SEO Discussions That Need to Die

Dec 12th
posted in

Sometimes the SEO industry feels like one huge Groundhog Day. No matter how many times you have discussions with people on the same old topics, these issues seem to pop back into blogs/social media streams with almost regular periodicity. And every time it does, just the authors are new, the arguments and the contra arguments are all the same.

Due to this sad situation, I have decided to make a short list of such issues/discussions and hopefully if one of you is feeling particularly inspired by it and it prevents you from starting/engaging in such a debate, then it was worth writing.

So here are SEO's most annoying discussion topics, in no particular order:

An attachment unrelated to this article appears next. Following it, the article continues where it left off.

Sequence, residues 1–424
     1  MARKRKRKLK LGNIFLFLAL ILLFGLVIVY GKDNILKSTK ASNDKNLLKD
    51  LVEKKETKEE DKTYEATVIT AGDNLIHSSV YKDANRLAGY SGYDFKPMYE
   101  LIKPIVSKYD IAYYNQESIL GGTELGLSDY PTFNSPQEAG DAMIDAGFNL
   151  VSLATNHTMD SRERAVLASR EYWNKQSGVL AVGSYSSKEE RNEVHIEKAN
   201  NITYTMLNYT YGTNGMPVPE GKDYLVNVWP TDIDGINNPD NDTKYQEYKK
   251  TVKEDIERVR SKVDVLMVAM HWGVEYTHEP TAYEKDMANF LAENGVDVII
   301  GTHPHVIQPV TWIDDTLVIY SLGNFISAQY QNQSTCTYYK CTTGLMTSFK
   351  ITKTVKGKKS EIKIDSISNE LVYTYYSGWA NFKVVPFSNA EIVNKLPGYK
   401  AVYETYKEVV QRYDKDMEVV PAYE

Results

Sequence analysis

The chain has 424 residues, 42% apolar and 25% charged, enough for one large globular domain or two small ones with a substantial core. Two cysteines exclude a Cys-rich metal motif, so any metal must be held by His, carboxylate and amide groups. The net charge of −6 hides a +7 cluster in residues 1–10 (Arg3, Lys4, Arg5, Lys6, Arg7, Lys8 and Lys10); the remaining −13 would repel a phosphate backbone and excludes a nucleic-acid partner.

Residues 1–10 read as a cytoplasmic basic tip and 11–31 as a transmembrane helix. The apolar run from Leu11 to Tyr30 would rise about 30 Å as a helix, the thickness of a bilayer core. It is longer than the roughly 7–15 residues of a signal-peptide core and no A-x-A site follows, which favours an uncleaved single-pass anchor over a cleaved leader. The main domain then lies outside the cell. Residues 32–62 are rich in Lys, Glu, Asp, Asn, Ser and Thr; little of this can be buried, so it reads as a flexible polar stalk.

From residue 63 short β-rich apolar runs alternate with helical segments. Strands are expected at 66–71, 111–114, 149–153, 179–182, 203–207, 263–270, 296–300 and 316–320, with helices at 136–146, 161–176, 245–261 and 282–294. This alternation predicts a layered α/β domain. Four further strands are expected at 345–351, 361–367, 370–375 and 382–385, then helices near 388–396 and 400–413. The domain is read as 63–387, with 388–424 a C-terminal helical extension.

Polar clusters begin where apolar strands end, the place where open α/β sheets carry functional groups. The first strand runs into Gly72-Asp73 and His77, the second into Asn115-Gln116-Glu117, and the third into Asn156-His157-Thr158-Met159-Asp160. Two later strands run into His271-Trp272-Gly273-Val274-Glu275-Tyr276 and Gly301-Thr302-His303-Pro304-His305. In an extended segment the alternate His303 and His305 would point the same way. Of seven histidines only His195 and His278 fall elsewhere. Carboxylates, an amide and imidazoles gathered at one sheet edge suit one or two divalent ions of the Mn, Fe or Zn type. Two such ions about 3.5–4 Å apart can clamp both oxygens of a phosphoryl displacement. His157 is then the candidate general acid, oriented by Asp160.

Blackhat vs. Whitehat

This topic has been chewed over and over again so many times, yet people still jump into it with both their feet, having righteous feeling that their, and no one else's argument is going to change someone's mind. This discussion is becomes particularly tiresome when people start claiming moral high ground because they are using one over the other. Let's face it once and for all times: there are no generally moral (white) and generally immoral (black) SEO tactics.

This is where people usually pull out the argument about harming clients' sites, argument which is usually moot. Firstly, there is a heated debate about what is even considered whitehat and what blackhat. Definition of these two concepts is highly fluid and changes over time. One of the main reasons for this fluidity is Google moving the goal posts all the time. What was once considered purely whitehat technique, highly recommended by all the SEOs (PR submissions, directories, guest posts, etc.) may as of tomorrow become “blackhat”, “immoral” and what not. Also some people consider “blackhat” anything that dares to not adhere to Google Webmaster Guidelines as if it was carved in on stone tablets by some angry deity.